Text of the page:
Whew. This weekend has been one of the longer ones of my young life. Down at Grace Lutheran, Pastor Kevin and Pastor Martha took some well-deserved time off, leaving Steve and I at the helm, with the excellent help of a guest preacher/presider, Linda Fernandez. Unfortunately, Steve came down with some sort of miserable head cold Saturday morning, which meant that instead of he and I splitting up the work, I ended up taking the lion's share of it. Doing four worship services in less than 16 hours is really, really exhausting. Also, between the third and fourth services, I lost the Prayers of the Church we had written, so I had to ad lib them at the final service. Oh, and did I mention I was also teaching the Confirmation class this week?
Talk about the blind leading the blind. In any case, after coming home, collapsing into bed for two hours, slowly oozing back out of bed again, and getting myself woken up again by sheer force of will, I'm back, and it seemed like as good a time as any for a blog post (especially since it's been over a week since the last one).
This past Wednesday, at chapel here at the seminary's Chuch of the Abiding Presence, we had an installation ceremony for Pastor Vickie Brown, who works here at the seminary. Her husband, also a pastor, preached the sermon for the service, and he preached on the passage from Matthew 23 where Jesus tells his disciples: "You are not to be called Rabbi, for you have one teacher, and you are all students. And call no one your father on earth, for you have one Father—the one in heaven. Nor are you to be called instructors, for you have one instructor, the Messiah. The greatest among you will be your servant." He looked out over the seminary chapel and asked, "How many of you are instructors? How many of you are professors?" He argued that Christians are all supposed to be followers, and the so-called "leaders" of the church are really supposed to be super-followers, examples to those around them. He said that the church should always have one leader, Christ, and we should all be followers.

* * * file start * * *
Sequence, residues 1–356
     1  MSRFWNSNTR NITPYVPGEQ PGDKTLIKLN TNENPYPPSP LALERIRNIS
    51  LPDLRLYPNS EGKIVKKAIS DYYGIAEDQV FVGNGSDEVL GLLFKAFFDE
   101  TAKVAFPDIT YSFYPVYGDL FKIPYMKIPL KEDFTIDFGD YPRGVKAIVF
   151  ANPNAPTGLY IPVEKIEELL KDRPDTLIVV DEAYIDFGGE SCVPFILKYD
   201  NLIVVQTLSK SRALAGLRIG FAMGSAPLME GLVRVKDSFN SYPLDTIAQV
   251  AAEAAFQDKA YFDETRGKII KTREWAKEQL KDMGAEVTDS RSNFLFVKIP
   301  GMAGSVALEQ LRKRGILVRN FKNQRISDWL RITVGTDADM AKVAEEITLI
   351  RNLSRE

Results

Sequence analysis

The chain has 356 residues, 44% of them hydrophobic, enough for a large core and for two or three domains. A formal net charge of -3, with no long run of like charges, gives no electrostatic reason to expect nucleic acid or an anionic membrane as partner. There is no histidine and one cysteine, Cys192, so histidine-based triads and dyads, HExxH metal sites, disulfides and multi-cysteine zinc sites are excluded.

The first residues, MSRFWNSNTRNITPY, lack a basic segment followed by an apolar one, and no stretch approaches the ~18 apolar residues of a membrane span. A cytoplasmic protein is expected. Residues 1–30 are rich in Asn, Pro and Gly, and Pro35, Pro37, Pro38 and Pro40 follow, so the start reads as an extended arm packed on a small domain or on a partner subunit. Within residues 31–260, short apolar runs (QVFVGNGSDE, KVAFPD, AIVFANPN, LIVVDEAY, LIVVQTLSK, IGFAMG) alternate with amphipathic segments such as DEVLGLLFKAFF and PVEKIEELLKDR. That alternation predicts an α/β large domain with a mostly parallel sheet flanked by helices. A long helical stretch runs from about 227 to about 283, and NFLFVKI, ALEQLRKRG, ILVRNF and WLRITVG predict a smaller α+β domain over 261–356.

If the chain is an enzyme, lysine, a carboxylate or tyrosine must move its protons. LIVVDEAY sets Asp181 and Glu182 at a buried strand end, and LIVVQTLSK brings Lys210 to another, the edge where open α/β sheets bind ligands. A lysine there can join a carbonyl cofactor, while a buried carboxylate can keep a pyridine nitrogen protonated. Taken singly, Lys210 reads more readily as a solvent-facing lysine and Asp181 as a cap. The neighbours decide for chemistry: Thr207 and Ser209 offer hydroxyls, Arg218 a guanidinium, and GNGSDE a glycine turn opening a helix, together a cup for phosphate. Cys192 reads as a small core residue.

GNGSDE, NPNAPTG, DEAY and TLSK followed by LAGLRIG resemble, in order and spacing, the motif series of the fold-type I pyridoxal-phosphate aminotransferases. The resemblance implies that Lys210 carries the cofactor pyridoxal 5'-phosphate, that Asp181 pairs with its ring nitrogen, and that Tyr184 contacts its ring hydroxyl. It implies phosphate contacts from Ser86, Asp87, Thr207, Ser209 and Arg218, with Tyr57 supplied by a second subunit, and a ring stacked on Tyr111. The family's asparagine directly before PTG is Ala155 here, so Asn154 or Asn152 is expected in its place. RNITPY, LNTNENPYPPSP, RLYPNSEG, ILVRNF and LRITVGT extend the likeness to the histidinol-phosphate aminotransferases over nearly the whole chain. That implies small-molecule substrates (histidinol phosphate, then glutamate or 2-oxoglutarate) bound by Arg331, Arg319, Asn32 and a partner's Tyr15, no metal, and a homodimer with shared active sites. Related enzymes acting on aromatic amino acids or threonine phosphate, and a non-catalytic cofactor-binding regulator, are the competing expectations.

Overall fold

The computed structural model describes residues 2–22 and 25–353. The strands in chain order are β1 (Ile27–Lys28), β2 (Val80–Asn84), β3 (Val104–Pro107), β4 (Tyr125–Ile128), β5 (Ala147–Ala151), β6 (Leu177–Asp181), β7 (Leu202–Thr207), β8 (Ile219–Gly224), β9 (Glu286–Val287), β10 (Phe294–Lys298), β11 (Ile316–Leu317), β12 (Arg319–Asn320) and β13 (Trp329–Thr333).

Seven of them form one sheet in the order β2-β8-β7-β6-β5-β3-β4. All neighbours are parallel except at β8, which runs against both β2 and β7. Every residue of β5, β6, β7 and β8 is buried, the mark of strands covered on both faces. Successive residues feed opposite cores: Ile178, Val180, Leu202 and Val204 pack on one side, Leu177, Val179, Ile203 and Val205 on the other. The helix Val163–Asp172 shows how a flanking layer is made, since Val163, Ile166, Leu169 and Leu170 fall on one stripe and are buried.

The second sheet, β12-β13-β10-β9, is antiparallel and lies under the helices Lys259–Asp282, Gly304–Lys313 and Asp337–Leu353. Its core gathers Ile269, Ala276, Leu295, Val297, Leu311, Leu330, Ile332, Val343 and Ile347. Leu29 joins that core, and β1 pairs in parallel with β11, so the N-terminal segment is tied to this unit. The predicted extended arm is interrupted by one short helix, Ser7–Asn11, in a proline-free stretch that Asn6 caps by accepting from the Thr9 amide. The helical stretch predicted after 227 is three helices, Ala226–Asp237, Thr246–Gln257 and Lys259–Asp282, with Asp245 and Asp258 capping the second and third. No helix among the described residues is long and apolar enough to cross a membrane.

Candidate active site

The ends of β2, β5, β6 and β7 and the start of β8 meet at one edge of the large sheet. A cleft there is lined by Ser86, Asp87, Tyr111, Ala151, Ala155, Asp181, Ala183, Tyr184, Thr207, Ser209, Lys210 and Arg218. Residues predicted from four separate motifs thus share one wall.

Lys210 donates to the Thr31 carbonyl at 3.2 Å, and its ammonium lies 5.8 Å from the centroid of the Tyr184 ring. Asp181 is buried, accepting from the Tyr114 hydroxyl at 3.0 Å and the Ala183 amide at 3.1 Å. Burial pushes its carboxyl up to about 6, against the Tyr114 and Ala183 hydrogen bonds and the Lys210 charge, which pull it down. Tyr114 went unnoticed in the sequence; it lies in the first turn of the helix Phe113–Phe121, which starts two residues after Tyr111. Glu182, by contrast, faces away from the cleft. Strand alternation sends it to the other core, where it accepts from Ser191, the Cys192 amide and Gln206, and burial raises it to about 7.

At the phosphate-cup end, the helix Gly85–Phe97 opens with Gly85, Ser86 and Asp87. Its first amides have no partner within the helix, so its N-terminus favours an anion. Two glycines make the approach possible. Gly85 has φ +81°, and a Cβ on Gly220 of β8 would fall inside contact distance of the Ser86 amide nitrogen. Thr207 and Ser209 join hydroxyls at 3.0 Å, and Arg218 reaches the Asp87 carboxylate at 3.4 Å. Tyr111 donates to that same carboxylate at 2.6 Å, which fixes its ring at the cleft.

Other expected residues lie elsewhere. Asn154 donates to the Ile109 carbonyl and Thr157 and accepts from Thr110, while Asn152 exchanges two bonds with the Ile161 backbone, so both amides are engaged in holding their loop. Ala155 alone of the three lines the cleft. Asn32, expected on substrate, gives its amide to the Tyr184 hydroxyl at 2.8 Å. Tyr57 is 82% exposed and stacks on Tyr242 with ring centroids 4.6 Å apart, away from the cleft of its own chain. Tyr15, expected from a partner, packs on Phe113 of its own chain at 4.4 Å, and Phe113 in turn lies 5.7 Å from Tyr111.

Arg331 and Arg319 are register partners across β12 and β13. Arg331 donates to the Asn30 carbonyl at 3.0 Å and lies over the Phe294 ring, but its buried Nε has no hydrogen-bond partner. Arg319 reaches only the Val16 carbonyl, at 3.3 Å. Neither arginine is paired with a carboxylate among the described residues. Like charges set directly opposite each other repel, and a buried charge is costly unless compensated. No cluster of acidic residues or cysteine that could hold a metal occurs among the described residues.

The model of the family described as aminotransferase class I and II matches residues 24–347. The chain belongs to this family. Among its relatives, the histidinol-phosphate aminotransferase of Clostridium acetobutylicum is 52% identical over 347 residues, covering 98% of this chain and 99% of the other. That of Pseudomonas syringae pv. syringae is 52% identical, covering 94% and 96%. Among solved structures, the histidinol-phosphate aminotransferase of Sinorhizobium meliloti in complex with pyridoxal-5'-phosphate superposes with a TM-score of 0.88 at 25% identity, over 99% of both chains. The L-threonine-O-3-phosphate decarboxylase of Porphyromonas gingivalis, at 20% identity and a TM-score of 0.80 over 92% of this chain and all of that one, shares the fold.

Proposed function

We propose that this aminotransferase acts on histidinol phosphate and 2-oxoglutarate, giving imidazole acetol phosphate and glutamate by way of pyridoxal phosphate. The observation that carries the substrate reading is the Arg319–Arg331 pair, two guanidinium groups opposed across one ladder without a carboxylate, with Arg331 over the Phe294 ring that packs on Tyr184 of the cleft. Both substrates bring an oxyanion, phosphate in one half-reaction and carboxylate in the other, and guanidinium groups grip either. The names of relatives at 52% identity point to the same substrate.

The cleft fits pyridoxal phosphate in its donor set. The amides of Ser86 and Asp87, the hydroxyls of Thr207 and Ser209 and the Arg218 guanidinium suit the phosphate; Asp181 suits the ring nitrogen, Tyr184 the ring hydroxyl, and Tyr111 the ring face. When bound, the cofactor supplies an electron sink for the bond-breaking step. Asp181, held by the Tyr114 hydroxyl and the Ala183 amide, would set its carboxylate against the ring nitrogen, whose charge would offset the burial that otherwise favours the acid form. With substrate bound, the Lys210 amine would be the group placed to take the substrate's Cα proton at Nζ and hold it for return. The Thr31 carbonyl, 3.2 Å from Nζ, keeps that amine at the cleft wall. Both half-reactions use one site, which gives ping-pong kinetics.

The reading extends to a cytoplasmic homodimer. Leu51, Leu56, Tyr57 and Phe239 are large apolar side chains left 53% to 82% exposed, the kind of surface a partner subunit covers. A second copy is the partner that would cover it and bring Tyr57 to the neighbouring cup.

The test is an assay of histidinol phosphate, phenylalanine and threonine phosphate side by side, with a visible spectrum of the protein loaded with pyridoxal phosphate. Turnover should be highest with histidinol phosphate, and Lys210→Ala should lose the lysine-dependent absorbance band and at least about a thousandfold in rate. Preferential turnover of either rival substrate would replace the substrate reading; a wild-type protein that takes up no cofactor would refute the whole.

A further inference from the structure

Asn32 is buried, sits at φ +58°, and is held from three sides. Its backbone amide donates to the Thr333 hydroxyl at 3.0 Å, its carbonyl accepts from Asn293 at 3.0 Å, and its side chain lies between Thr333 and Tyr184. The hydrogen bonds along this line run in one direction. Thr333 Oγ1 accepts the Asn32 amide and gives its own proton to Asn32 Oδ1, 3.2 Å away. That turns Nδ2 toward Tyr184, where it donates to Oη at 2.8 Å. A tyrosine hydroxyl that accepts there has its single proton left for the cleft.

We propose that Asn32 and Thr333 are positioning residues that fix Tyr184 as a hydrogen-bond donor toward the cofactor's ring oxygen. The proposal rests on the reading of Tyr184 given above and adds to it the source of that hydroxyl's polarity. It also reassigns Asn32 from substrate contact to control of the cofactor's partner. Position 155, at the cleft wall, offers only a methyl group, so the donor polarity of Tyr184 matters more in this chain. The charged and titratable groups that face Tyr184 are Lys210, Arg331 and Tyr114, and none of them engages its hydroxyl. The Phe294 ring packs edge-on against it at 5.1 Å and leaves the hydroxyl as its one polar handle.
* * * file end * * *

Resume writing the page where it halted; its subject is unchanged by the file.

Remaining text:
That got me thinking about leadership, especially in the academic environment I've known my whole life. It's been a rough transition for me, coming from St. John's, where the faculty are not called professors, and where faculty and students alike are addressed as Mr. and Ms., to come into a "real" academic environment, where I—in spite of my bachelor's degree and the many years of learning behind it—am "Jennie", while my professors are Dr. Stevens, Dr. Oldenburg, and so on. It truly is an environment of leaders and followers, and those roles are enforced in every aspect of our lives here. That's why it was so intimidating for me to assist at worship in the chapel; because even as a supposed "leader", I knew who the real leaders were.
Now, that's not to say (however homesick I may be) that St. John's gets it all right. The respect and equality at St. John's were incredibly valuable to me, both as a learner and as a teacher. It taught me that my interpretations of the Great Books were just as valid as that of the tutors, and at the same time, that I owed just as much to the "bad" students in my classes as I did to the faculty. The point was, we were all learning together. The problem with this model is, we had no leader. Of course, in every class, leaders made themselves known, and we all knew the tutors were actually not equal to us, even though we said they were; but at the end of the day, there was no authority over all of us.
What Pastor Chris said in chapel on Wednesday made me realize that both St. John's and LTSG are getting it wrong. In the one case, we have the blind leading the blind; all are both followers and leaders, with no true "teacher". In the other, we have the traditional roles of academia enforced, where the opinions of the students bear less weight or validity, and the faculty sometimes seem to speak as if they had the voice of God. In the perfect world, we would be doing what Jesus tells us to do; we would all be followers, and acknowledge our him to be our one leader, our one teacher, our one authority. After all, in Christ all distinctions are erased; there is neither Jew nor Greek, neither slave nor free, neither professor nor student.